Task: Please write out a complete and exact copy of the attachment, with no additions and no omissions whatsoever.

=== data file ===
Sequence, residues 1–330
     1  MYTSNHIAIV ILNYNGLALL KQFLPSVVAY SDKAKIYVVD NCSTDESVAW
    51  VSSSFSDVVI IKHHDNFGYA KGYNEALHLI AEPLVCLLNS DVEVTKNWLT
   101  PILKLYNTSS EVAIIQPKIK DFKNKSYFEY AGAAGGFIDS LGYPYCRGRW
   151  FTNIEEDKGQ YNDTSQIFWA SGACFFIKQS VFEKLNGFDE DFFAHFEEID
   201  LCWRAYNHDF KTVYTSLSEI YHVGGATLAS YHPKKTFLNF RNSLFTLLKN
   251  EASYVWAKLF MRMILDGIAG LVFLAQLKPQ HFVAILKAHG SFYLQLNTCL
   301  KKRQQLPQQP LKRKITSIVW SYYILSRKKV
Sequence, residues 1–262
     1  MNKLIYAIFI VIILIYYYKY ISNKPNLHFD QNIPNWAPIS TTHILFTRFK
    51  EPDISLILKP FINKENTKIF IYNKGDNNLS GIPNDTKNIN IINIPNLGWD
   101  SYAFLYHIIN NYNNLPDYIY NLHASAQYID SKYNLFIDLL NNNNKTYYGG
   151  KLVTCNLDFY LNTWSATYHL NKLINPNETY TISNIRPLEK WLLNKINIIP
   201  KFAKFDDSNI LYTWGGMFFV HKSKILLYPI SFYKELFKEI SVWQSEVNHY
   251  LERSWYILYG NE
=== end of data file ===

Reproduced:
Sequence, residues 1–330
     1  MYTSNHIAIV ILNYNGLALL KQFLPSVVAY SDKAKIYVVD NCSTDESVAW
    51  VSSSFSDVVI IKHHDNFGYA KGYNEALHLI AEPLVCLLNS DVEVTKNWLT
   101  PILKLYNTSS EVAIIQPKIK DFKNKSYFEY AGAAGGFIDS LGYPYCRGRW
   151  FTNIEEDKGQ YNDTSQIFWA SGACFFIKQS VFEKLNGFDE DFFAHFEEID
   201  LCWRAYNHDF KTVYTSLSEI YHVGGATLAS YHPKKTFLNF RNSLFTLLKN
   251  EASYVWAKLF MRMILDGIAG LVFLAQLKPQ HFVAILKAHG SFYLQLNTCL
   301  KKRQQLPQQP LKRKITSIVW SYYILSRKKV
Sequence, residues 1–262
     1  MNKLIYAIFI VIILIYYYKY ISNKPNLHFD QNIPNWAPIS TTHILFTRFK
    51  EPDISLILKP FINKENTKIF IYNKGDNNLS GIPNDTKNIN IINIPNLGWD
   101  SYAFLYHIIN NYNNLPDYIY NLHASAQYID SKYNLFIDLL NNNNKTYYGG
   151  KLVTCNLDFY LNTWSATYHL NKLINPNETY TISNIRPLEK WLLNKINIIP
   201  KFAKFDDSNI LYTWGGMFFV HKSKILLYPI SFYKELFKEI SVWQSEVNHY
   251  LERSWYILYG NE